- Prevent Medicaid cuts during the public health crisis. State policymakers — bound by balanced budget requirements — face pressure to cut Medicaid costs during economic downturns, history shows. Medicaid enrollment naturally rises during any downturn, while state revenues fall. Indeed, Medicaid enrollment has risen steadily since the pandemic began. A downturn coupled with a public health emergency puts extra burdens on Medicaid to provide additional treatment. The FMAP increase has helped bolster the public health response and ensured that Medicaid remains available to those who need it, including millions of workers in essential or front-line industries.
- Weather the economic downturn. Rising unemployment and falling economic activity have dramatically reduced state tax revenues while demand for programs like Medicaid and unemployment insurance has risen. States urgently need additional fiscal relief, but the FMAP increase has provided an important cushion, freeing up funding that states would otherwise need for Medicaid and enabling them to sustain funding for other critical needs.
|Preliminary Estimates of Increase in Federal Funding from FMAP Increase Under Enacted Legislation, Based on Urban Institute State Expenditure Projections|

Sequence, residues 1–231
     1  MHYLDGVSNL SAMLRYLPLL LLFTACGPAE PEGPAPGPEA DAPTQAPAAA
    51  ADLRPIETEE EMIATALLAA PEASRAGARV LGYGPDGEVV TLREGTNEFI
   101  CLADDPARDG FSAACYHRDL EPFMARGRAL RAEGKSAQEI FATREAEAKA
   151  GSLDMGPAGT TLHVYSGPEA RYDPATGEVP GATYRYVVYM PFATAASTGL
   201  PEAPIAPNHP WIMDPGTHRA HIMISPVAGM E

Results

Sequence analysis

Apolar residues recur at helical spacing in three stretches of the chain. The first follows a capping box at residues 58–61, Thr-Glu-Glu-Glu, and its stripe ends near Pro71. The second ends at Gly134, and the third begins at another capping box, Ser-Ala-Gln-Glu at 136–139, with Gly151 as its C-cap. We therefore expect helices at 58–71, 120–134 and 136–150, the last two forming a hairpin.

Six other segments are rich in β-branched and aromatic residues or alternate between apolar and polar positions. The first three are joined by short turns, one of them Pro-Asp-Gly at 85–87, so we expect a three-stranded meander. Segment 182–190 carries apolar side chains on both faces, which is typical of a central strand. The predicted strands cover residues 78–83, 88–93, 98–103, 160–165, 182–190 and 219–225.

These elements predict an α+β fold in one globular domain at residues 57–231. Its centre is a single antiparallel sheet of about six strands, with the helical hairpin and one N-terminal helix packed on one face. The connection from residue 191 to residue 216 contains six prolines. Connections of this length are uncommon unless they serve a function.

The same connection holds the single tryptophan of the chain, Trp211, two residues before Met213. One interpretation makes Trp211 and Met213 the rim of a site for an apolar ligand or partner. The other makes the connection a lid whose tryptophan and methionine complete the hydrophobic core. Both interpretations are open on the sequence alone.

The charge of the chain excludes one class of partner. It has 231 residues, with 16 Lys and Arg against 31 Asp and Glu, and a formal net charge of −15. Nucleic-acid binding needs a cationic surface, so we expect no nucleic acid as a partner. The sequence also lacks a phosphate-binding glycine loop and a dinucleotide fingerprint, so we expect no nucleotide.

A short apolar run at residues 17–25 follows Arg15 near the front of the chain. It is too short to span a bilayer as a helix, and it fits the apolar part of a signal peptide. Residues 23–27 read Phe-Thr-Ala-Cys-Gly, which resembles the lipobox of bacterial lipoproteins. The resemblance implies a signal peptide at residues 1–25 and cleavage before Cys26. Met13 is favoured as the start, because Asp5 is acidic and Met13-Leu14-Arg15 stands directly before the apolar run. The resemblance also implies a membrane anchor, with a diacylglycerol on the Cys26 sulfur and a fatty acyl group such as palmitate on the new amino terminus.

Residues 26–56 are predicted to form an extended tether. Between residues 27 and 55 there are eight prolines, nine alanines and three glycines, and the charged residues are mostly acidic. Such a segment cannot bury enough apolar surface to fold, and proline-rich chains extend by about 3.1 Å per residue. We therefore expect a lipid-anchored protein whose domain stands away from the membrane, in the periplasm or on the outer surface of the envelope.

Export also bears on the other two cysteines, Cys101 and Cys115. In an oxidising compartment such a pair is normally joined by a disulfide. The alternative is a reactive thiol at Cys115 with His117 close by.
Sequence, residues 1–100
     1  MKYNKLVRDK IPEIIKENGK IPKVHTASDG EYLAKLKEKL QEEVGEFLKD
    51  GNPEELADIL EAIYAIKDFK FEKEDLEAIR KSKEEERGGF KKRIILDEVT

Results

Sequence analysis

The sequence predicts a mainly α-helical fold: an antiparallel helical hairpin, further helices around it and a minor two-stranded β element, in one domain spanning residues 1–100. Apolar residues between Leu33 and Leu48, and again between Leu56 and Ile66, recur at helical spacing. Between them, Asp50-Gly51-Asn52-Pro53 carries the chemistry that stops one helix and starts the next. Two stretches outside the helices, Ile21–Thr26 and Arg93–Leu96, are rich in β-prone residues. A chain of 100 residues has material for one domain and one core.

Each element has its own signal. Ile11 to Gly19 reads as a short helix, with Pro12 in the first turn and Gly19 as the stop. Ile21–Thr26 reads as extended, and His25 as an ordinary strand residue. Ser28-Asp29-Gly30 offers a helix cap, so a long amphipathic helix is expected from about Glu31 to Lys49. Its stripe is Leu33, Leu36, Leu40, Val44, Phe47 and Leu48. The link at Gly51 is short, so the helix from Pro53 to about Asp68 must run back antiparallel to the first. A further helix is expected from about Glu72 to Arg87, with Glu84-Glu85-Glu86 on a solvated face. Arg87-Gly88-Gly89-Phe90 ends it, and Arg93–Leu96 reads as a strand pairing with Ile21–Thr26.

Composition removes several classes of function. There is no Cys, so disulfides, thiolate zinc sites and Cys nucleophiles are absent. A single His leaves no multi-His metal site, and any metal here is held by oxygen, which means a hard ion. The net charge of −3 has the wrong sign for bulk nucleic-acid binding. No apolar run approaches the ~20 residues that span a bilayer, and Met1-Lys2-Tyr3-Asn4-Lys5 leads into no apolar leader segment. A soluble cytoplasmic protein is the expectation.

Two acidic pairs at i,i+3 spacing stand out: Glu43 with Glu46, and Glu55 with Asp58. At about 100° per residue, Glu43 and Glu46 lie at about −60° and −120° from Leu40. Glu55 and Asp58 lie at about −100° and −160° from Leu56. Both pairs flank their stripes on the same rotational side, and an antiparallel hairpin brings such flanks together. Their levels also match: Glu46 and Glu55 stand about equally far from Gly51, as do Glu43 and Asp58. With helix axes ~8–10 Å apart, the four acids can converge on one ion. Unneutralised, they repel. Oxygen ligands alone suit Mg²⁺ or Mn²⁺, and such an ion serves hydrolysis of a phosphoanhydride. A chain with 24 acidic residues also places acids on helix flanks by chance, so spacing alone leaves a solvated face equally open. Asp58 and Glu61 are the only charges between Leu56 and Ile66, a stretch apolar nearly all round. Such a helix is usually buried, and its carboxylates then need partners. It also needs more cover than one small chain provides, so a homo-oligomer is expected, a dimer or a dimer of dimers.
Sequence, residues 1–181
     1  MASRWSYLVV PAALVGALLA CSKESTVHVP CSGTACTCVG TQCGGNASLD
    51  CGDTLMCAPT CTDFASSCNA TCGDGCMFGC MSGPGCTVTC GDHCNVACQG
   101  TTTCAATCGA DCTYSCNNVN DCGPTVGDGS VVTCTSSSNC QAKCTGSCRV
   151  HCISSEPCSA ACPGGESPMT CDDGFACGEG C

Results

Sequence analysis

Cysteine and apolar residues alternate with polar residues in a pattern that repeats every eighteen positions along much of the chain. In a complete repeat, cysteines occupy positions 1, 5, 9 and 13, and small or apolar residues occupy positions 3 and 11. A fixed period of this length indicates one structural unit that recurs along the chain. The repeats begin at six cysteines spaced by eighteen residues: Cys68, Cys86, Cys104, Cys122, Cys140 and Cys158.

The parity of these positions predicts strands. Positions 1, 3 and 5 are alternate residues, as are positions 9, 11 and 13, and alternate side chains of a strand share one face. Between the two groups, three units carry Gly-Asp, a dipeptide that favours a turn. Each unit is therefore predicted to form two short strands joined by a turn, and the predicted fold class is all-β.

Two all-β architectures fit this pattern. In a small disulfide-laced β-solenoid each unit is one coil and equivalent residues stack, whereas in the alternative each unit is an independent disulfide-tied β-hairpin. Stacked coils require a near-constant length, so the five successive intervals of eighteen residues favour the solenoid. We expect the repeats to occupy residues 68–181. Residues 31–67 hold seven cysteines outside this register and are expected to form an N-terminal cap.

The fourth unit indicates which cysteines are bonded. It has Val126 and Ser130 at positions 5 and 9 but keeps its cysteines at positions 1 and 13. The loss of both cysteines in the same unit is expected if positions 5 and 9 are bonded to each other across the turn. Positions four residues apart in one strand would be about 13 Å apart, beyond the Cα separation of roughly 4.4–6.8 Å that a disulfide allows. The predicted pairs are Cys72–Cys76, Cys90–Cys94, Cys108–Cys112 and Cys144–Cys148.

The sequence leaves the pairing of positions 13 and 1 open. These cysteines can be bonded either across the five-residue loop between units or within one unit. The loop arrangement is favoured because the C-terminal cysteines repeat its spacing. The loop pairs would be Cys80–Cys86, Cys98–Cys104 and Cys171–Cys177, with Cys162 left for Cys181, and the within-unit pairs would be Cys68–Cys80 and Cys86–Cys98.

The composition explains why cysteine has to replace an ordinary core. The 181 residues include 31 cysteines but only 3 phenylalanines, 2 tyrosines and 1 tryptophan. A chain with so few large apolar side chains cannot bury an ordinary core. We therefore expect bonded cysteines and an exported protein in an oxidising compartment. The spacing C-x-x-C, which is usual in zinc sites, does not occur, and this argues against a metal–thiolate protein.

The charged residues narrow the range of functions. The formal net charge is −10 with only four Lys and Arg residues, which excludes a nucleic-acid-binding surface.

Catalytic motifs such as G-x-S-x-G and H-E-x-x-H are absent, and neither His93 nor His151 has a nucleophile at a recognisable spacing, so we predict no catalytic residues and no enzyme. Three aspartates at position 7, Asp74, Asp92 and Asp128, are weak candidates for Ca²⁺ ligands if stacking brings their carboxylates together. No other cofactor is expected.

|Assumes increase is in effect Jan. 1, 2020 - Dec. 31, 2021|
|Additional federal funding due to 6.2% point FMAP increase (in $millions)|
|Jan-Jun 2020 (6 months)||Jul-Dec 2020 (6 months)||Jan-Jun 2021 (6 months)||Jul-Dec 2021 (6 months)|
|District of Columbia||400||100||100||100||100|
Source: CBPP analysis using Urban Institute estimates of Medicaid spending (2020), Children's Health Insurance Program (CHIP) administrative spending data (2017), Medicare Part D state "clawback" payment data gathered by the National Association of State Budget Officers (2018), Congressional Budget Office (CBO) baseline data, and Centers for Medicare and Medicaid Services (CMS) spending projection data.
For fiscal year 2021 and fiscal year 2022 expenditures, we inflate 2020 total traditional (non-expansion group) Medicaid spending from the Urban Institute using CBO's baseline estimates. We assume the federal share of all traditional Medicaid spending is increased by 6.2 percentage points in each state from January 1, 2021 through December 31, 2021. We do not account for differences in the federal matching rate for various services in traditional Medicaid, or for the growth in Medicaid enrollment due to the economic downturn.
The FMAP increase applies not only to Medicaid expenditures, but also to expenditures for other programs that use the FMAP to determine the federal and state shares of spending. These include CHIP and Medicare Part D prescription drug expenditures for low-income adults. In general, the 6.2 percentage-point FMAP increase will lead to a 4.34 percentage-point increase in the federal share of CHIP costs and a 4.65 percentage-point increase in the federal share of Part D costs. To project these funding increases, we inflate 2017 CHIP spending to 2021 and 2022 using CMS' cost growth projections for CHIP and inflate 2018 Medicare Part D prescription drug payments for low-income adults by CBO's Medicare baseline estimates. Note that for CHIP, we assume the combination of states' annual CHIP allotments and available redistribution funds will be enough to support this additional federal spending in each state.